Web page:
If the additional audio track is needed, you’ll have 2 options as well:
– Only include the audio track you want,
– Use a 3rd party app that supports multiple audio tracks.
Available Storage Space
To be able to play a movie on your Android device, you will need to have the video file stored on it. If you’ve done everything correct, then a video file doesn’t have to be super big, but do count on 500 Mb to 1.5 Gb (1500 Mb) of space that is needed per movie.
Typically video files are stored on the so called SD or micro-SD card – with most devices you can access this card and upgrade it if needed. With some devices however you cannot access the card and upgrading is not an option.
When you access your files: check first if you have enough room left for the movie. Some of the previously mentioned topics can contribute to a smaller file size.
Getting your Movies
As said before, there are plenty of options to get your hands on a movie, be it downloading, ripping a DVD or ripping a Blu-Ray or converting an existing video file.
We have some guides for you available to walk you through this.
When following these guides, I’ve found it most helpful to start with the “Android” preset in HandBrake.
For maximum compatibility in HandBrake, use the “MP4” file format and set “Video Codec” to “MPEG-4 (FFmpeg)” as this appears to result in the most compatible format for miscellaneous Android devices. More recent devices however, can handle “h.264” as well.
All other settings I typically leave as they are, which results in relatively small video files – consider changing the resolution if needed though.
Note : The DVD to MP4 guides are also suitable for converting existing video files – just pick the file as your video “Source” instead of the DVD.
At the end of this exercise you should have one (or more) MP4 video file suitable for your Android device.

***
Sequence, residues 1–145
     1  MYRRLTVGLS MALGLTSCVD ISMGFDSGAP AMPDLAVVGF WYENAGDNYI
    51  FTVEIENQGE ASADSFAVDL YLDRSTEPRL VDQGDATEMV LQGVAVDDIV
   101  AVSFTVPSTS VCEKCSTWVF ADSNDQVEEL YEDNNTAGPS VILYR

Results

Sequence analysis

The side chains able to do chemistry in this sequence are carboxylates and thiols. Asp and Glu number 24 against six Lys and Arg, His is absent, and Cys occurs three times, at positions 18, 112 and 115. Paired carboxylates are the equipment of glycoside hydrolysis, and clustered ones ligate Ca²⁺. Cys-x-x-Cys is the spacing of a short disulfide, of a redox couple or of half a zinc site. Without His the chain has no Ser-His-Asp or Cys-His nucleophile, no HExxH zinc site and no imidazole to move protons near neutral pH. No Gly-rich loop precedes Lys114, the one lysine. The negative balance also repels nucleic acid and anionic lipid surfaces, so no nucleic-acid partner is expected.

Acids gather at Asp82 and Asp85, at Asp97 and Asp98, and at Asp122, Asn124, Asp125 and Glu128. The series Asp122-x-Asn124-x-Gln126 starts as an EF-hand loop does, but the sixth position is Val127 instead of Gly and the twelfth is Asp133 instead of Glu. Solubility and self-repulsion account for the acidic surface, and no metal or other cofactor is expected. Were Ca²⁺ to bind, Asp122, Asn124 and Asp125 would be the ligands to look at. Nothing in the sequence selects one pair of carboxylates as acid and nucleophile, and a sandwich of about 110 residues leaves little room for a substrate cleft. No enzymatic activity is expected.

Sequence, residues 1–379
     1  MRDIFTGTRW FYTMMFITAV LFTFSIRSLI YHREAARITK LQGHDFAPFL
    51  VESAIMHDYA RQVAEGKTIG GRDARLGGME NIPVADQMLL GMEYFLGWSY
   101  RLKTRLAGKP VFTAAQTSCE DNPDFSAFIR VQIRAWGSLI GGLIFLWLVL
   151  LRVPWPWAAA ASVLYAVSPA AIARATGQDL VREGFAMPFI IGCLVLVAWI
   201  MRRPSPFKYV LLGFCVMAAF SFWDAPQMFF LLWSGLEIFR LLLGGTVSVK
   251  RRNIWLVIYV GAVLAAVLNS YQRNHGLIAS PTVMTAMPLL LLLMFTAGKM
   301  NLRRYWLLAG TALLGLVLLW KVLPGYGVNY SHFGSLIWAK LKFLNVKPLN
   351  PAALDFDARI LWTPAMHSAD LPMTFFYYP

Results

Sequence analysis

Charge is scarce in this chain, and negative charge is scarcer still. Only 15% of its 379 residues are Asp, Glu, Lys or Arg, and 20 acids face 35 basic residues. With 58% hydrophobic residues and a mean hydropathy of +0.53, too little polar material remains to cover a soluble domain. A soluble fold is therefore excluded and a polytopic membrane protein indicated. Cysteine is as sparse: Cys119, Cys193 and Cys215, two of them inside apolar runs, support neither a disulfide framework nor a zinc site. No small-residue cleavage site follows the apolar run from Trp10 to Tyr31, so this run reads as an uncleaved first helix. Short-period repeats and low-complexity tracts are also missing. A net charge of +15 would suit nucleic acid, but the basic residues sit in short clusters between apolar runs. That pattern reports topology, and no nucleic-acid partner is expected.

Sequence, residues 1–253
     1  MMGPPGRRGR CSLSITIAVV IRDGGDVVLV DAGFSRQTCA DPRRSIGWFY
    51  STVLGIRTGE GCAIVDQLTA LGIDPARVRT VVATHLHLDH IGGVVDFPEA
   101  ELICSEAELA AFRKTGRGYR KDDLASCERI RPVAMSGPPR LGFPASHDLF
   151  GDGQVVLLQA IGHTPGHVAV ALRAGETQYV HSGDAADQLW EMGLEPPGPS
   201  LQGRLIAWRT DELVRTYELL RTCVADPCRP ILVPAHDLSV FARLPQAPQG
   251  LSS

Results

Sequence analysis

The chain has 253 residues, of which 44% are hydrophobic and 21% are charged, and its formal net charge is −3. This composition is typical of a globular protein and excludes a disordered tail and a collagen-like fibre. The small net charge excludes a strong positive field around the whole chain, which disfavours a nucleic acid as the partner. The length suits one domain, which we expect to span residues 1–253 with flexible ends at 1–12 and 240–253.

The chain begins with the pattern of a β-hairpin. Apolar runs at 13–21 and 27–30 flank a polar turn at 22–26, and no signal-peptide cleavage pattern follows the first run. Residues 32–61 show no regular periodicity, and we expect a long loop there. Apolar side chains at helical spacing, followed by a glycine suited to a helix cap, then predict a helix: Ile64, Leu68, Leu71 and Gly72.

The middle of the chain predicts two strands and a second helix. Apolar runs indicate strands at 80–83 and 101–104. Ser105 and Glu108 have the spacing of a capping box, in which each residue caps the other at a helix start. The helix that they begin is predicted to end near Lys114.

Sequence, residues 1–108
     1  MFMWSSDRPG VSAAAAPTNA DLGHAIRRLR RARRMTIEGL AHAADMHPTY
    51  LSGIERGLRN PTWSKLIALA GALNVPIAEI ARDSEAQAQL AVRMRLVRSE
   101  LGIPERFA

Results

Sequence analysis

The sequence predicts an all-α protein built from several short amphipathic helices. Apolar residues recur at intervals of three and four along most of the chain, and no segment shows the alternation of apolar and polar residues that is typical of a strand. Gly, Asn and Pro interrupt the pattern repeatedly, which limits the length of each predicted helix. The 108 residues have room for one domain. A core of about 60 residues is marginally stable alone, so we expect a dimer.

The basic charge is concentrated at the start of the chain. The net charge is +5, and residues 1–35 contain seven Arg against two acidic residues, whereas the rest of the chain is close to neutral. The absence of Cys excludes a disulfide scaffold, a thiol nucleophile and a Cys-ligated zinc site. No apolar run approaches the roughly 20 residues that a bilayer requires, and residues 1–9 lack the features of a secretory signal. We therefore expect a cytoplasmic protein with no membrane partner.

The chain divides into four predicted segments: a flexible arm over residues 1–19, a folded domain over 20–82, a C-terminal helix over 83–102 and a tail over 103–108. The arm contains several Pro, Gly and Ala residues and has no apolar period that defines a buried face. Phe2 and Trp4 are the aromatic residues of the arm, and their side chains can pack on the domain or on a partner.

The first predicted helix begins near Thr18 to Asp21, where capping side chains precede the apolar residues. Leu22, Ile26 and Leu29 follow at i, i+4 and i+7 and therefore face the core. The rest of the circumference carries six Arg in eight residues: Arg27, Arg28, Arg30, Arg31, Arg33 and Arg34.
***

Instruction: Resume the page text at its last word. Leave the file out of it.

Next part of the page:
Copying a movie to your Android device
I’ve written a relatively extensive article on several methods how you can connect your computer to your Android device. If you have never setup a connection between your computer and your Android device, then consider reading it.
Note : If you cannot find a “video” or “movie” folder on your Android device, then just make one on the SD card.
You can also optionally copy the movie in the DCIM folder.
It’s going to be difficult to explain here how to playback the video file since it appears that every Android device has it’s own video or movies playback app. Long live consistency. Anyhow … I’ll work through some examples, maybe one of them matches your Android device.
Samsung Galaxy S
File location I used:
Without SD card inserted, I created a folder “video” in the root, and it picked it up just fine.
With SD card inserted, I placed the movie in the “movie” folder that resides in the “media” folder, which worked as well.
Go to the “Gallery” app – your movie files should appear right away, possibly in a album called “video“.
If you tap the video, after opening the album, playback should start. If you however installed another video playback app, then you should, the first time at least, get a request what app to use:
Select what to use for Video playback
Asus Nexus 7
File location: I dropped the video file in the “Movies” folder.
Press the “Movie” icon, tap the menu button in the upper right corner and select “Personal videos“. Your movie should be selectable now, tap it and it will play. As with the Samsung Galaxy S, if you installed other media players, Android will ask you which one to use.
Nexus 7 – Play Movies
Kindle Fire HD
File location: I copied the movie in a folder called “Movies” that resides in the “sdcard” folder. If the folder “Movies” does not exist, simply create it.
Kindle most certainly is not your regular of the mill Android device – and personally I really do not like what Amazon has done with it. For the playback of personal videos you will need to go find the “Personal Videos” app – or an app like MoboPlayer.
Note that the audio of the Kindle Fire HD is very good compared to other tablets.
For the “Personal Videos” app you will have to go to the “Home” screen and type “Personal Videos” in the search field to go find it. Once found, tap it and you can watch your videos. If you have multiple media players installed, Kindle will also ask you which one to use.
Kindle Fire HD – Movie playback
HTC Glacier / T-Mobile MyTouch 4G
File location: I copied my file on the SD card in a folder that I created “media“, in which I created a sub-folder called “Movies“.
Like the Samsung Galaxy S, go to your “gallery” app, and you’ll find you video file there.